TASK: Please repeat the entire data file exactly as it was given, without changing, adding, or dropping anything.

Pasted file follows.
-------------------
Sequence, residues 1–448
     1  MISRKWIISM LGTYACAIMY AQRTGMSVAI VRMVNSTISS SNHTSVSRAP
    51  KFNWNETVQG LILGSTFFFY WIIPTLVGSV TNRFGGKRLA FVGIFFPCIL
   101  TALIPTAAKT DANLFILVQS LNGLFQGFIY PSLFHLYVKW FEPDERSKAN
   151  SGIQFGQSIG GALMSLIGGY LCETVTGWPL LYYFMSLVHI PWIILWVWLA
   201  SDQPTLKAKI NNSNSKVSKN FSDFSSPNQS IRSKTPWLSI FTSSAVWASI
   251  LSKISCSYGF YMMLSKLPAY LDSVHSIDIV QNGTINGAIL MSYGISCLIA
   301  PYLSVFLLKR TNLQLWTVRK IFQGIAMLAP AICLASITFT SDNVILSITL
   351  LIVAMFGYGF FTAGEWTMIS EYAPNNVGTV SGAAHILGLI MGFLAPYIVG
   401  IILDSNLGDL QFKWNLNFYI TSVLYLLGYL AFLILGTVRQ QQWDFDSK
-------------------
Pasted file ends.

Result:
Sequence, residues 1–448
     1  MISRKWIISM LGTYACAIMY AQRTGMSVAI VRMVNSTISS SNHTSVSRAP
    51  KFNWNETVQG LILGSTFFFY WIIPTLVGSV TNRFGGKRLA FVGIFFPCIL
   101  TALIPTAAKT DANLFILVQS LNGLFQGFIY PSLFHLYVKW FEPDERSKAN
   151  SGIQFGQSIG GALMSLIGGY LCETVTGWPL LYYFMSLVHI PWIILWVWLA
   201  SDQPTLKAKI NNSNSKVSKN FSDFSSPNQS IRSKTPWLSI FTSSAVWASI
   251  LSKISCSYGF YMMLSKLPAY LDSVHSIDIV QNGTINGAIL MSYGISCLIA
   301  PYLSVFLLKR TNLQLWTVRK IFQGIAMLAP AICLASITFT SDNVILSITL
   351  LIVAMFGYGF FTAGEWTMIS EYAPNNVGTV SGAAHILGLI MGFLAPYIVG
   401  IILDSNLGDL QFKWNLNFYI TSVLYLLGYL AFLILGTVRQ QQWDFDSK